The truth of the matter is satire by design is created to target the powerful. It is against the state, or the powers that be. In many cases it is organized religion or ideas about God where satire is used as an active form of resistance to the acceptance of these ideas.

However, France is not a Muslim majority country. The state is not Muslim. The government is not Muslim. And Islam is hardly a widespread influence in their daily lives. The most impact anything to do with Islam has on their daily lives is the possible threat of Islamic militant terrorist groups but the magazine did not choose to satirize them in particular. It chose to satirize the most respected figure in the history of Islam devoid of any poignant remark on any Islamic militant organization.

 In fact, the only time Charlie Hebdo even manages to draw attention to them is on the cover of its latest issue which shows a bearded man weeping for the deaths of those killed in the terrorist attack. The cover does not allude to who the bearded man is but it serves as a timely reminder that for those who believe that Islam is a religion of peace and the killing of one person is equal to the killing of all humanity in Islam, the loss of innocent lives in the name of Islam is worth weeping for. It takes the narrative used by the terrorists and inverts it against them, which has all the elements of satire.

However, all their previous covers do not fulfill these criteria. I am going to make the controversial claim that covers depicting the Holy Prophet (PBUH) by the satire magazine Charlie Hebdo were not satire. A quick look on the demographic of France will make it clear as to why it is not.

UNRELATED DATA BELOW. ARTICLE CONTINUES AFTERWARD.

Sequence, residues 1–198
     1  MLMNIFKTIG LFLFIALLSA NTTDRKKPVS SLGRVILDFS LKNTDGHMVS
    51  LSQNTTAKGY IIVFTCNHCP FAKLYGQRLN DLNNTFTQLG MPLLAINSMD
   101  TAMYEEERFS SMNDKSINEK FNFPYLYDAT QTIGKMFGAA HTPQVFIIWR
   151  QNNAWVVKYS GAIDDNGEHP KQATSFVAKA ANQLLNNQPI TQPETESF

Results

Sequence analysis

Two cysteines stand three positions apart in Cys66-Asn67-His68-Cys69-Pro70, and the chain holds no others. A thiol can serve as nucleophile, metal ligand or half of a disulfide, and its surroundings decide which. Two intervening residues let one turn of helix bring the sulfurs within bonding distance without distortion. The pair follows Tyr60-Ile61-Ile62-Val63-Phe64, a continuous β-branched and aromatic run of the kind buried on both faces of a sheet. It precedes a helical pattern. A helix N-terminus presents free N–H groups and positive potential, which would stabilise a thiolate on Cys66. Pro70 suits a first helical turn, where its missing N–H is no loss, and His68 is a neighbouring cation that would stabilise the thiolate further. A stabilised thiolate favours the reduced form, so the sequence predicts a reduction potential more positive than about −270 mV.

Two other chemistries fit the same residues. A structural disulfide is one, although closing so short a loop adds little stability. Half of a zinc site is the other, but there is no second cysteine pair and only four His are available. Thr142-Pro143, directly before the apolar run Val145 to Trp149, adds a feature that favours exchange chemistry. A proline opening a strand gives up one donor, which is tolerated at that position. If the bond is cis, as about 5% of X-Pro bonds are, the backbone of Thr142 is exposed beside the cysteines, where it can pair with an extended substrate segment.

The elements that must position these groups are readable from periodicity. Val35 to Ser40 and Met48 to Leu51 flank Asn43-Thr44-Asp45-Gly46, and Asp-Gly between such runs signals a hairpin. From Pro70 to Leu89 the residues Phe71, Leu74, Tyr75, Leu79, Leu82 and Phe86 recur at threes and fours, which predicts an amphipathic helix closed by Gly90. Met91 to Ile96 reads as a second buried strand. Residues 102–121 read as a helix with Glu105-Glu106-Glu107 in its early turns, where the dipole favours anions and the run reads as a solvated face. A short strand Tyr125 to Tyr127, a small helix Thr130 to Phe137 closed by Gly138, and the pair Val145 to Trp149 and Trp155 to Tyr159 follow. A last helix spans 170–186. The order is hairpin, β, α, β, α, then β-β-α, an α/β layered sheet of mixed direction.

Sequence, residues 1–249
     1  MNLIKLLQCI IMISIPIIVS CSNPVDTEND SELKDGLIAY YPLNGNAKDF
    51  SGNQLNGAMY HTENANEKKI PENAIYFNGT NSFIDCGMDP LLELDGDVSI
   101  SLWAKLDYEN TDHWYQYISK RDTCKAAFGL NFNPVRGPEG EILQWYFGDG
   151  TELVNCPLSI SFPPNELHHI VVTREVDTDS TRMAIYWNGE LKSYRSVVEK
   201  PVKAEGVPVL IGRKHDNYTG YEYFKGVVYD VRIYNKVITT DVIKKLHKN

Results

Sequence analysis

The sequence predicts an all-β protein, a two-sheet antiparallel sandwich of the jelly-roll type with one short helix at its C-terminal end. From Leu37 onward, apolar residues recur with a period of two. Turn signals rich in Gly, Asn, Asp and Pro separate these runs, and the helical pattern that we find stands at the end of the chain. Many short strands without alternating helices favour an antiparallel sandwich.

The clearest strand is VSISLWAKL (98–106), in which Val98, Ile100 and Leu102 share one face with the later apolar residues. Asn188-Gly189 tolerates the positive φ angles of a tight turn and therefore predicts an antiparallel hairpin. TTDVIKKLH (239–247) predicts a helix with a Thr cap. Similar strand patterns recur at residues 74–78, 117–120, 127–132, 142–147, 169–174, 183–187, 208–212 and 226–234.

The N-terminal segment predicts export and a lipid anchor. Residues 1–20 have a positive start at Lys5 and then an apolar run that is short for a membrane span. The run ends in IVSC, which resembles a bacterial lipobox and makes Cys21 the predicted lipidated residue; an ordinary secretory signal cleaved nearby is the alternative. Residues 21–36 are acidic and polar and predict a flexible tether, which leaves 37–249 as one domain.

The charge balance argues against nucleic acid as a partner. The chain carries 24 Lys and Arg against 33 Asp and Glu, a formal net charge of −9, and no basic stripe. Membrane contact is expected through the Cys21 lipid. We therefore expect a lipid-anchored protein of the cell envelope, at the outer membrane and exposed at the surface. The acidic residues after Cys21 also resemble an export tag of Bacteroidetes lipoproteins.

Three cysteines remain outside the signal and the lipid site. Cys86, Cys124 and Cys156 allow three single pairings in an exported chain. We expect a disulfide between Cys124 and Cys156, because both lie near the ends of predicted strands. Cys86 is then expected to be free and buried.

Muslims make for less than 10% of the population of France; they are effectively a minority in a largely Christian country. The state itself may be secular but once again you cannot look at things theoretically without acknowledging the ground reality. The ground reality is making fun of a minority religion is not satire. You are not targeting the powerful but you are targeting the weak. Inversely, making fun of Christianity in Pakistan would not be considered satire in my book; you are simply worsening the life situation of an already impoverished and suppressed minority group.

A large portion of the Muslim population of France is the immigrants from African countries such Algeria, Morocco and Tunisia. Algeria was occupied by France for over a century from 1830-1962. The country gained its independence after a violent uprising; an Algerian revolution for independence. The Algerians were never considered equal citizens by France, they had limited social and political rights and were often targeted militarily by France.

Tunisia was another colony of France which gained independence from France in 1956 whereas France has gone to war with Morocco twice. Despite the improvement of relations between these countries and France in the modern era the impact of the colonization and the repercussions of the psychological impact of the post-colonial mentality cannot be ignored.